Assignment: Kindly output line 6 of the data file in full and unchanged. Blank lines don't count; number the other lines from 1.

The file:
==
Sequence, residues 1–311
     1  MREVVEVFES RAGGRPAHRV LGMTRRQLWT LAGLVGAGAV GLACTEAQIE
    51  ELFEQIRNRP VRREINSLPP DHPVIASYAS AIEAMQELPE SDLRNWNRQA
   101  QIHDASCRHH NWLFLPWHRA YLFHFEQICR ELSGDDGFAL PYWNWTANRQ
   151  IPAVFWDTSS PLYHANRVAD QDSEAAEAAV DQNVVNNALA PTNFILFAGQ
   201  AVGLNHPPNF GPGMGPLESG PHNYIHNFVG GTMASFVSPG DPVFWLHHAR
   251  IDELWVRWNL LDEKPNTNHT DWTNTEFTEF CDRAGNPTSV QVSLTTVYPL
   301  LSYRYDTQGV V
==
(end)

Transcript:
   201  AVGLNHPPNF GPGMGPLESG PHNYIHNFVG GTMASFVSPG DPVFWLHHAR